About the deacon's wondering about what might have been had Mary.... Well, one cannot assume that the congenitally conservative English would have followed suit with every developing continental fad. This may or may not have happened. There are several prominent saints of the renaissance and baroque eras (their names do not come to me right now) who thought lace decadent and un-Roman. Also, Fortescue was adamantly opposed to this glaring display of tastelessness, wholly inappropriate for liturgical garb. There seems to be something about it that attracts a certain sort of Catholic, the fish-nettier the better, the gaudier and more effeminate the better. It is, actually, an embarrassment. It's not anything that I can imagine our Great High Priest and Rex Universorum arrayed in - in heaven or on earth.

    And, about what is Anglicanesque being a Percy Dearmer (may he be blessed!) invention and XIXth century romanticism, it would be unjust so lightly to dismiss what is actually a glorious embroidery of Sarum riches, lingering Catholic thought and practice in post-Henrician times, the Laudian strain and the Caroline divines, developing liturgical thought and cross-pollination of recent times, oriental influences, even tinges of Celtic heritage, Oxford movement sobriety, a tenaciously preserved and cultivated sacred musical patrimony, the uniquely bonded entity that is an Anglican choir, our people's love of their choirs and music, a very Catholic spirituality that has a distinctively English flavour, forged in antiquity, kept alive amidst enmity, preserved against all odds, the joy of all its heirs. When all is said and done, there is an unmistakable Anglican ethos on display in our worship and spirituality - a particular notion and appreciation for the profound majesty and holiness of God, and a characteristic way of expressing that understanding, which, in itself, is a gift from above. The only thing approaching it in the rest of the Catholic world might be the worship of high Benedictines (very high ones!). To my thinking, the more ordinary parish liturgy is monastic in character and performance, the more truly Catholic and spiritually mature it is.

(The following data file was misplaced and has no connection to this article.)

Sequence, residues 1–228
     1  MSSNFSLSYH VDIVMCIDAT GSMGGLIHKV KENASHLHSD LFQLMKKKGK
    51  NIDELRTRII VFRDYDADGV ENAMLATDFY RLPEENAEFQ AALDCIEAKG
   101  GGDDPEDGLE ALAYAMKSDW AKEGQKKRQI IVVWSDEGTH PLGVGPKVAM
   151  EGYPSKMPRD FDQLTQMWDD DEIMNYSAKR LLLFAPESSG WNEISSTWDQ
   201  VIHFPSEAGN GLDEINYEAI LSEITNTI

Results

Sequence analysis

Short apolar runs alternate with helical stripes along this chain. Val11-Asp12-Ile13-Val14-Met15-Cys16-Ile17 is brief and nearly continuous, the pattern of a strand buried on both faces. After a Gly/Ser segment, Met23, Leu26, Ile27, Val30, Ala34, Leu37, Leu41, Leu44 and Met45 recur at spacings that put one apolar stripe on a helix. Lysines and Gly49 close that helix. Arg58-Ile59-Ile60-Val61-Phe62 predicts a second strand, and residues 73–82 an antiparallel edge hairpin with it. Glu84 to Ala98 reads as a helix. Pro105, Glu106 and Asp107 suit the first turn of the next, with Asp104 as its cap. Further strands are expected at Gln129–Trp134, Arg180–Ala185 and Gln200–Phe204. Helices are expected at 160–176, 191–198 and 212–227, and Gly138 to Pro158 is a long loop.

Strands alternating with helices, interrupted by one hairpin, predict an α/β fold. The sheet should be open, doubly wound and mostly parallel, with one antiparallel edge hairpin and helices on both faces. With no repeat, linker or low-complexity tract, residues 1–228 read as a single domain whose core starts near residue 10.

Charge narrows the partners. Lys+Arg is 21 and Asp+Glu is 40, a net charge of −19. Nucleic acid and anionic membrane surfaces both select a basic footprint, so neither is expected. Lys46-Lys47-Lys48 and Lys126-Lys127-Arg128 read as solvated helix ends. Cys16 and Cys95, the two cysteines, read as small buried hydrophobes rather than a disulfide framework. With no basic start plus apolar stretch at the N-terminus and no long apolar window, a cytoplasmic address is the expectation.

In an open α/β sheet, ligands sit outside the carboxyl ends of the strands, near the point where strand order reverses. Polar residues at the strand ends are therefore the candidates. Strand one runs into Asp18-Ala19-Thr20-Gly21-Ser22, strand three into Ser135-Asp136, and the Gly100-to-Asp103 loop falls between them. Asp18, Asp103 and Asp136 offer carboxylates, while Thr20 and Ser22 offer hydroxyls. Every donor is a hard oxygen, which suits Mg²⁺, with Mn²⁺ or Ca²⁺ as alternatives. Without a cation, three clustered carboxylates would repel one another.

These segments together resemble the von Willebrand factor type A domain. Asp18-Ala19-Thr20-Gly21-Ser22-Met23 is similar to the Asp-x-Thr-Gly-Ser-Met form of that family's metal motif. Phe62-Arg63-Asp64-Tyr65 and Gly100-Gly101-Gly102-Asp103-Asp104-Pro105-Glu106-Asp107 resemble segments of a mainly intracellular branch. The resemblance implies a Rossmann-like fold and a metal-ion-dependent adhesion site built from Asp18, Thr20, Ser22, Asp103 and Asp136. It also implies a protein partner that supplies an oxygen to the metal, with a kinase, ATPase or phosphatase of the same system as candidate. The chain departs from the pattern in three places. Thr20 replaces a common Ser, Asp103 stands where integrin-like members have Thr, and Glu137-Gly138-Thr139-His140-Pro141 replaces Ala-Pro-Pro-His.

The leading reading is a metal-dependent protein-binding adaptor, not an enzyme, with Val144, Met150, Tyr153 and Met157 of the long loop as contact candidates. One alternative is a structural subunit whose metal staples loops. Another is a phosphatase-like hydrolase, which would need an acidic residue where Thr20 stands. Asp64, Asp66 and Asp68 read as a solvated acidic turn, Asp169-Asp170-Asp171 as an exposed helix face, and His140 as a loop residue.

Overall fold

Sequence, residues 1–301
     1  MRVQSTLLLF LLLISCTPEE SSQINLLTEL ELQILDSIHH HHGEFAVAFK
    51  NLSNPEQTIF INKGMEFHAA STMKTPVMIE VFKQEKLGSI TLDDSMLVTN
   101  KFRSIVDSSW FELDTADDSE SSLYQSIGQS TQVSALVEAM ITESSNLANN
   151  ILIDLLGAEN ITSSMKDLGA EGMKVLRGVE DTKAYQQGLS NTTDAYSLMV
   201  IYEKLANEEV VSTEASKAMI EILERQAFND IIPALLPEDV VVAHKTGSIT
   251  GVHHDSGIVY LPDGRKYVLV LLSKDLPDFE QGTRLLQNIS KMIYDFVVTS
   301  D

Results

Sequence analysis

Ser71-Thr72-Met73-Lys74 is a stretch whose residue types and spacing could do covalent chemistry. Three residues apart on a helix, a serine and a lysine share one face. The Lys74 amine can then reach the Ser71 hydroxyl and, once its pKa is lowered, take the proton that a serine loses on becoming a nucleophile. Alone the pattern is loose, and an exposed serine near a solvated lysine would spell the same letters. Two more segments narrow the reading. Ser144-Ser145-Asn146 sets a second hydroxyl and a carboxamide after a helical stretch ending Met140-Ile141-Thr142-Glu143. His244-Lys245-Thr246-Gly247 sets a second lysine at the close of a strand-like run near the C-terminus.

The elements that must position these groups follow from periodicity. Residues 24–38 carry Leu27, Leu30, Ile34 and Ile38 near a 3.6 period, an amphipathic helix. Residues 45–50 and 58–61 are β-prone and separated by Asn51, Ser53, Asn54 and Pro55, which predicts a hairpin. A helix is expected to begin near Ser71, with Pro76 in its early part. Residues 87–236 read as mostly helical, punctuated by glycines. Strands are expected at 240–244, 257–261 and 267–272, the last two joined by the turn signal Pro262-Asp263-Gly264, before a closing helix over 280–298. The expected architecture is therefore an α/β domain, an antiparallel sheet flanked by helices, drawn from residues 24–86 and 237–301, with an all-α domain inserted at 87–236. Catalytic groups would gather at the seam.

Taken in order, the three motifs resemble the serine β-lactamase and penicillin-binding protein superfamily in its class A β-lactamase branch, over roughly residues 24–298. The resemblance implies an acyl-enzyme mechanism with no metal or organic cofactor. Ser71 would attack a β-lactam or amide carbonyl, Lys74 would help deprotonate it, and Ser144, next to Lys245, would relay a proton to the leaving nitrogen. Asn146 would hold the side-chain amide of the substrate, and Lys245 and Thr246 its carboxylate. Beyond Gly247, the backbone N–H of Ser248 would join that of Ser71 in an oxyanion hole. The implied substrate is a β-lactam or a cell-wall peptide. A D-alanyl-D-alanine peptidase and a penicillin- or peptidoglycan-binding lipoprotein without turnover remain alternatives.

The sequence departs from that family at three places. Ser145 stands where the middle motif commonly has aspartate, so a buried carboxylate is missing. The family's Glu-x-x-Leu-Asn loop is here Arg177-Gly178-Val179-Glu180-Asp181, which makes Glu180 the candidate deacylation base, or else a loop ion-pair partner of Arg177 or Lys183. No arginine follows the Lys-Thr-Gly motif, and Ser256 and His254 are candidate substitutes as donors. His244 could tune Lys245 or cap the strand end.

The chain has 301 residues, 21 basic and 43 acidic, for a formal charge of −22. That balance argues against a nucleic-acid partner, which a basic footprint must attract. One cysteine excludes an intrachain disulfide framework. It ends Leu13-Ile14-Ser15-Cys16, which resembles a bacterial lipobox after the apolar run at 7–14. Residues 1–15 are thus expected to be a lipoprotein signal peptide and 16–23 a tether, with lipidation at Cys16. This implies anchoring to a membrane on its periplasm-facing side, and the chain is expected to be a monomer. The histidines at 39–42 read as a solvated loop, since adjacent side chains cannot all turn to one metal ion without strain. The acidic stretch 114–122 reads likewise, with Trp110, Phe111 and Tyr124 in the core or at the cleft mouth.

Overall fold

And, about the rood screen. As is well known, I think, this screen separated the nave from the choir in monastic establishments and became more universal in British lands. It serves, it seems to me, the same purpose as does the iconastasis in the oriental churches. It makes no sense to me that, just because we are in the XXIst century (what, pray, makes us different - other than our lack of due deference to the holy!), the holy of holies should not be set off in this way. For us, it is not a hindrance, an alienating barrier, but a statement in beautiful architectural language of what is in our minds, namely, that the sanctuary is an incredibly holy place and we are genuinely blessed, not the least bit offended, to perceive it as such and to express it with all artful means at our disposal. To be offended by such a sacral endowment is really rather definitely mean-minded. If anyone is out of step it is that modernist who is incapable of appreciating these things and adamantly refuses to 'get it' - rather than feeling blessed by them. So, deacon, with my heartfelt respect, this is not mere tradition for tradition's sake - nice though that sometimes is. Our rood screen and our holy of holies are a blessing and joy to us. As we desire and appreciate the screen we love and perceive all the more deeply the holiness that lies beyond it.
    Thanked by 1Ben
  • Almost all traditions are simply accidents of history.

    I am at an utter loss of words (which may seem, to some, to be a God-send) adequately to express the profoundness of sagacity evidenced by this penetrating comprehension, shared with us, so graciously, from the author's dower of wisdom.